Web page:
Holiday includes protest, outages
New York — Millions of Americans across the country are marking the holiday with lots of turkey, football, parades and early shopping, while many are overcoming some nasty weather and power outages. At the White House, President Barack Obama is spending a quiet Thanksgiving with a traditional meal.
In New York City, heavy security including bomb-sniffing dogs and police helicopters protected spectators of all ages who lined the route of the nationally televised Macy's Thanksgiving Day Parade, which counted Thomas the Tank Engine, Paddington bear and the Red Mighty Morphin Power Ranger among its six new giant balloons.
Before the parade was over, snow flurries had replaced drizzle as thousands of people discovered they could get no closer than a long block away from the colorful spectacle.
"I can't go to the front. I can only see from here," said Ivan Souza, of Florianopolis, Brazil, as he watched with his wife and two children.
Six men and a woman protesting a grand jury's decision not to indict a white police officer in the shooting death of an unarmed black teenager in Ferguson, Missouri, were arrested after they tried to march toward the parade route, police said.
Near the end of the parade route, about 50 protesters walked down the sidewalk carrying signs and chanting, "Hands up, don't shoot."
At the White House, President Barack Obama spent a quiet Thanksgiving, continuing a tradition of telephoning members of the armed forces to thank them for their service.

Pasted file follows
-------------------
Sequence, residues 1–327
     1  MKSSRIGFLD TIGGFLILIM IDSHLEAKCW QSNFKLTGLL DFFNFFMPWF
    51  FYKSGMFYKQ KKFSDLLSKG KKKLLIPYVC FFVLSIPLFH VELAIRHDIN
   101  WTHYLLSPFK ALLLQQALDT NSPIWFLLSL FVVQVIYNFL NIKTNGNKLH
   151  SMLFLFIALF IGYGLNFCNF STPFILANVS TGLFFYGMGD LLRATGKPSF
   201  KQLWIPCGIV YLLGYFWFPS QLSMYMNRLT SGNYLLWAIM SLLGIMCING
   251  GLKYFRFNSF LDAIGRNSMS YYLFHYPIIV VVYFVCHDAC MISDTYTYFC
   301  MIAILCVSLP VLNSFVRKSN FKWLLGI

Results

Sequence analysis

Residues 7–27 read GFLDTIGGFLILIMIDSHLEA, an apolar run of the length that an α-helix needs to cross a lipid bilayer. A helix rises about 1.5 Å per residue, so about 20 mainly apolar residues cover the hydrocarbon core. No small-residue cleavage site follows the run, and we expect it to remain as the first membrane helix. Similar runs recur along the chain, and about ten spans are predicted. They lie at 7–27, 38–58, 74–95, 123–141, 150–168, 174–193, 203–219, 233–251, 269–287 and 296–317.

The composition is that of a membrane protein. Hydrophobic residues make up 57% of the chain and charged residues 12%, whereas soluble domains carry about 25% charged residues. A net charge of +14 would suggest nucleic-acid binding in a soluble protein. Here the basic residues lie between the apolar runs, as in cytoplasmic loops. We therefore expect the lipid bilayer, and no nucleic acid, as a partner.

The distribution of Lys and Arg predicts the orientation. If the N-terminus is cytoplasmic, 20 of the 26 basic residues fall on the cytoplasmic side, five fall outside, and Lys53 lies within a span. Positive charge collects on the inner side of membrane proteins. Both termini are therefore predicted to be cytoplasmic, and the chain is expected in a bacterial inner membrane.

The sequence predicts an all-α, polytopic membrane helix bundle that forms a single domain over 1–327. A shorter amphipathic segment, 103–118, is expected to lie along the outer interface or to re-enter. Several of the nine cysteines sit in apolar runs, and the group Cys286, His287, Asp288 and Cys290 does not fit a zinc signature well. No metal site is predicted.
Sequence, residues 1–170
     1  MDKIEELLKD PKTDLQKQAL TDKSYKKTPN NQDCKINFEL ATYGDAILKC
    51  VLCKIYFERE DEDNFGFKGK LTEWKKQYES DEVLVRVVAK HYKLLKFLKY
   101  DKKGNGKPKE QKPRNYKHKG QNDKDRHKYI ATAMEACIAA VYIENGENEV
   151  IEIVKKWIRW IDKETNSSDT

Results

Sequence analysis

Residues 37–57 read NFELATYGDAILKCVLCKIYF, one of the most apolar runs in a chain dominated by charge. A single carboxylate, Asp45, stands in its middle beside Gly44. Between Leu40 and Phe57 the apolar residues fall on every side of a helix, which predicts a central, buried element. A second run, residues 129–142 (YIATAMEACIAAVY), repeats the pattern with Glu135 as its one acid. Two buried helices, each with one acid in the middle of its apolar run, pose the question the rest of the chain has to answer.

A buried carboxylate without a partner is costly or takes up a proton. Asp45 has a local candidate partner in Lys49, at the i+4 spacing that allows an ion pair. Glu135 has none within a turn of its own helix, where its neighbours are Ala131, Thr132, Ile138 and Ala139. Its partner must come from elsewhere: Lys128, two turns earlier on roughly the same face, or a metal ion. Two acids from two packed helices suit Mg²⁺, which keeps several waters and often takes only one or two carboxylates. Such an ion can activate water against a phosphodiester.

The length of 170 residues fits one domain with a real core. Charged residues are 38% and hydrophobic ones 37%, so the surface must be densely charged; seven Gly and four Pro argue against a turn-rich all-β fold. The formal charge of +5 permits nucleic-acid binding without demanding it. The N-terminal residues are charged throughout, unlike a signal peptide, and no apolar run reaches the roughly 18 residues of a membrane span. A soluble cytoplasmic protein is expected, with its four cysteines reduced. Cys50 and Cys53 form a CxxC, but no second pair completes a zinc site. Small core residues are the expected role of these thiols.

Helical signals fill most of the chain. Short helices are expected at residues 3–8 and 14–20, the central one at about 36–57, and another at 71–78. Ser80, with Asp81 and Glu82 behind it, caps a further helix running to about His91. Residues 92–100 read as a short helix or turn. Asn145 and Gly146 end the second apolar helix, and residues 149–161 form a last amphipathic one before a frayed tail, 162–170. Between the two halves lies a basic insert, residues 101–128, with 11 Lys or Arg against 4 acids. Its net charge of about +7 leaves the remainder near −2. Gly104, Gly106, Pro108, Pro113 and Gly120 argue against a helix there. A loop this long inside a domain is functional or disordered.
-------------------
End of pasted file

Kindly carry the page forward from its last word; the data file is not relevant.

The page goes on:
The first family's belly-stuffing menut featured thyme-roasted turkey and honey-baked ham, cornbread stuffing and oyster stuffing, braised winter greens and macaroni and cheese. Don't forget the green bean casserole, sweet potato gratin, mashed potatoes, dinner rolls and pies.
Obama says Thanksgiving is his favorite holiday "because, more than any other, it is uniquely American."
In the Northeast, power outages from a major snowstorm forced some in the Northeast to celebrate Thanksgiving much like the pilgrims and Native Americans did almost 400 years ago — in the dark.
The outages were particularly bad in northern New England, where about 200,000 customers remained without power in New Hampshire on Thursday afternoon and about 80,000 were without electricity in Maine.
It's become commonplace to see stores open on Thanksgiving, as retailers try to entice shoppers inside and kick off the holiday shopping season a day earlier than the traditional Black Friday.
Some of the stores open for at least part of the day on the holiday include Kmart, Target, Sears, Macy's and Wal-Mart. Other stores, like Neiman-Marcus, Nordstrom and Costco, are closed.
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